The answer is that “the impulse of a man’s heart is evil from his youth.” His impulses threaten to overwhelm him daily, striving to destroy him spiritually. This is what causes a person to feel that although he might possess every object in the world, he cannot be satisfied so long as someone else is using them. And even if that other person be his own brother, his own flesh and blood, he can find no rest until he blurts out in his rage, “Take off those clothes; they belong to me!”

His brother shares the same feeling of deprivation. Though he owns all the land in the world-the entire globe-he cannot be happy so long as there is someone else in the world that is treading upon his property! In the end, he cannot refrain from ordering his brother to “Hover in the air!” He cannot bear the fact that there is another individual in his world! This is one facet of the man’s innate character.

However, when a person reaches a higher level, an additional facet comes into play. He argues with his fellow, who will merit to have the Beis HaMikdash built in his portion. The two brothers had still not received the Torah. The special significance of Eretz Yisrael had not yet been revealed. They had neither a Beis HaMikdash nor the korbanos. Nevertheless, they were able to appreciate how great an honor it would be to have the Temple built in their portion. And yet, despite their spiritual greatness, they were capable of making such a tragic mistake in judgment that they could sink to the level of murder!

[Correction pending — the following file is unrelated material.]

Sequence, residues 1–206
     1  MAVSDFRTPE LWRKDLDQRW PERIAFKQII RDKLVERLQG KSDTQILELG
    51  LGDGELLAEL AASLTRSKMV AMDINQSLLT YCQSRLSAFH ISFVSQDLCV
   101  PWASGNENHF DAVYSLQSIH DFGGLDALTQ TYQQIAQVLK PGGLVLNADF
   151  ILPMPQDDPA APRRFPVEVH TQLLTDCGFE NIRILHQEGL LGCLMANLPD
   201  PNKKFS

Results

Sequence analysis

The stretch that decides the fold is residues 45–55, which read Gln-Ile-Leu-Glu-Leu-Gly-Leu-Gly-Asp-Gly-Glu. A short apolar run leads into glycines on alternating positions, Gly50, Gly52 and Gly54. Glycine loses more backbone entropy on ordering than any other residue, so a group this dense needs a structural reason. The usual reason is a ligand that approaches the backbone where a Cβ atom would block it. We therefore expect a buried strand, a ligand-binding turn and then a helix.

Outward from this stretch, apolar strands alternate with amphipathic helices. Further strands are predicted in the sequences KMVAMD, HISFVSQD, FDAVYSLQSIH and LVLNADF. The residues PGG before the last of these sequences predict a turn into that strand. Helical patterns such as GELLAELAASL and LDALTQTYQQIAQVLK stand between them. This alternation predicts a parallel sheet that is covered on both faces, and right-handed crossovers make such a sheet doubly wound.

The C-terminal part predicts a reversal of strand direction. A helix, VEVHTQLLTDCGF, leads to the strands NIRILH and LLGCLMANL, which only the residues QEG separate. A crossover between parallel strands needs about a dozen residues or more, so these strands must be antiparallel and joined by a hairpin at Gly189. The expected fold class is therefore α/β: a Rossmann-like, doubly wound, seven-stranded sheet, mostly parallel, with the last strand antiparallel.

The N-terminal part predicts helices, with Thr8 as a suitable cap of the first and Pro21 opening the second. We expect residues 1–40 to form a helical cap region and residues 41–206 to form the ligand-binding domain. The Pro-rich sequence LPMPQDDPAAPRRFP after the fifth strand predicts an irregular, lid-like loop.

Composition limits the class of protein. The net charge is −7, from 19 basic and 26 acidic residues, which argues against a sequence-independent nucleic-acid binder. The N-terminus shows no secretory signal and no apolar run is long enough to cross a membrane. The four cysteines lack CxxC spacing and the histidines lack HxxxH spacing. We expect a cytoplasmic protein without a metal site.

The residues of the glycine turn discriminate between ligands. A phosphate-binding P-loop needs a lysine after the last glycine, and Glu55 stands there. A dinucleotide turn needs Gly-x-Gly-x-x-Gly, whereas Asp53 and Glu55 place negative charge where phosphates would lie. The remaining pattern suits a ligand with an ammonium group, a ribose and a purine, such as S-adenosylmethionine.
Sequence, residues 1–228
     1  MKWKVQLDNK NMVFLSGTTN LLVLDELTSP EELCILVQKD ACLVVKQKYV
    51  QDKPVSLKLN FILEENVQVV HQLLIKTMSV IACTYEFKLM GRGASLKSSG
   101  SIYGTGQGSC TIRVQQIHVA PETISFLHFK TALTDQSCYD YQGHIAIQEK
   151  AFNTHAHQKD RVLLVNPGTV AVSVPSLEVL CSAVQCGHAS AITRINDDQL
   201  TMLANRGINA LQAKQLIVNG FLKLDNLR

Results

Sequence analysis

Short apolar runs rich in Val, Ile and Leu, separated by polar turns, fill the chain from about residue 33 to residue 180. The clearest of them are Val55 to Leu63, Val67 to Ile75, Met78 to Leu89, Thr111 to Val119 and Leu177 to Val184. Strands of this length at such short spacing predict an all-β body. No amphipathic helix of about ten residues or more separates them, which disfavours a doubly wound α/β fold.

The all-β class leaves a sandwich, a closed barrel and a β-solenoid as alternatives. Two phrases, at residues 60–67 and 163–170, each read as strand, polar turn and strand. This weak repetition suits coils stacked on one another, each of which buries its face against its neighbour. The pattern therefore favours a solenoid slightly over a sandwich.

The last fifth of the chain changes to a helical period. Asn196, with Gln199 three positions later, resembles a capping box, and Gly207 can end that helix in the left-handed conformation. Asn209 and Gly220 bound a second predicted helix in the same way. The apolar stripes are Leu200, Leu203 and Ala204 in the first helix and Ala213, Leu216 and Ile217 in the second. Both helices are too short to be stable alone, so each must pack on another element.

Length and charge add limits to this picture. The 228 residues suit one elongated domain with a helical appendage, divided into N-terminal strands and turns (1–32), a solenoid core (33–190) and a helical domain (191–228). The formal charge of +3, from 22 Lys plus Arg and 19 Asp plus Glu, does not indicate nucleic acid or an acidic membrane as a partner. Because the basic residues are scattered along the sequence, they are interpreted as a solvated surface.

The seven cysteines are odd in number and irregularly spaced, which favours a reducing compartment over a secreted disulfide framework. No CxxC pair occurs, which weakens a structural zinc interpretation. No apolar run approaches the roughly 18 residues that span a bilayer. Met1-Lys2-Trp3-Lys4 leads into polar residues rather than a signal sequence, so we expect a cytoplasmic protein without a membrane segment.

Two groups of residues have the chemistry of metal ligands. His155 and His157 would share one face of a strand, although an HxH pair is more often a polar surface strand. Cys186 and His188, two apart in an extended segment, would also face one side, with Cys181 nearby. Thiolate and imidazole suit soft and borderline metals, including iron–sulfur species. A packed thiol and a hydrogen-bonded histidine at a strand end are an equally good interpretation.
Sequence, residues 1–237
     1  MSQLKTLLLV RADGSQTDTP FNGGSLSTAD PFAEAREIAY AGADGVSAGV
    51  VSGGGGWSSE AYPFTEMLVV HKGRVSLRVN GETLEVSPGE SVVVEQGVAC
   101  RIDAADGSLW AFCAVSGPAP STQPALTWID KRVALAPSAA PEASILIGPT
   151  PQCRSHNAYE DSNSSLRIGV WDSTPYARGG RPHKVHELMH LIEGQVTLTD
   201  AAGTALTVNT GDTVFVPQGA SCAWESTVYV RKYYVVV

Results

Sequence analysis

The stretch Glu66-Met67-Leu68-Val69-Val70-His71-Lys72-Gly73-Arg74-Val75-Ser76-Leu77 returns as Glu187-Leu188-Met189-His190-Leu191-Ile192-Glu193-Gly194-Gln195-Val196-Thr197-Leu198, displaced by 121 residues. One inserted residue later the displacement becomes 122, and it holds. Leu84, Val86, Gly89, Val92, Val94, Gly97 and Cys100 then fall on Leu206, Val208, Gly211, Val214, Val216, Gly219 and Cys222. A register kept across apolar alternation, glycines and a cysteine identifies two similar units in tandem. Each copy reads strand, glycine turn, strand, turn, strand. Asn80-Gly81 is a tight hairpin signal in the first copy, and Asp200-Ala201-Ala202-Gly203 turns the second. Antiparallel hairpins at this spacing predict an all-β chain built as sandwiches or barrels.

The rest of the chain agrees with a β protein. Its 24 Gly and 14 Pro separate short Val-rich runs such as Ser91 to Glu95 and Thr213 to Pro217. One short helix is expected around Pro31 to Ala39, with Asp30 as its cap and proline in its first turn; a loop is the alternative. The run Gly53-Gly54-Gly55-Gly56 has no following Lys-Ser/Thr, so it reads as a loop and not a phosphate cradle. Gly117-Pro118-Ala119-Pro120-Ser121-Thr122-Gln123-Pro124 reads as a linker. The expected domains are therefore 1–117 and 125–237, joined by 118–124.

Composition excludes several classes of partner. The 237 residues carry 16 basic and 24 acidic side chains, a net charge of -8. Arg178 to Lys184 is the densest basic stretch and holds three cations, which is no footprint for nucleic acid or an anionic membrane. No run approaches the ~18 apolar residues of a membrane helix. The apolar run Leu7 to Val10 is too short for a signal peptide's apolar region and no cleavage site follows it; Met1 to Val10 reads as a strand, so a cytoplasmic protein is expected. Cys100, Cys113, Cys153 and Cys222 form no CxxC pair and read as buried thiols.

These are two aspects of the human being. On the one hand, he is made in “the image of Hashem.” On the other hand, his impulses are “evil from his youth.” Both forces are at work in him every day, every moment, unceasingly. On force urges him to behave one way, the other, just the opposite.

There is only one way for the Jew to anchor himself squarely where he belongs: by dedicating himself to Torah study and the fear of Heaven-by using the resources we have inherited from our forefathers, Avraham, Yitzchak and Yaakov Avoseinu, who successfully passed the various tests which Hashem gave them. In the merit of the great deeds of the Patriarchs, their grandchildren were able to stand at the foot of Mt. Sinai and receive the Torah.

When we listen to a hesped, the benefit that we hope to take away with us is this: A person must never say: “Who am I? Of what importance am I?” Each and every one of us has the ability to blossom and grow into a Torah personality of stature, through his own unique portion of the Torah, which Hashem has planted within him.

This article originally appeared in Yated Neeman, Monsey NY.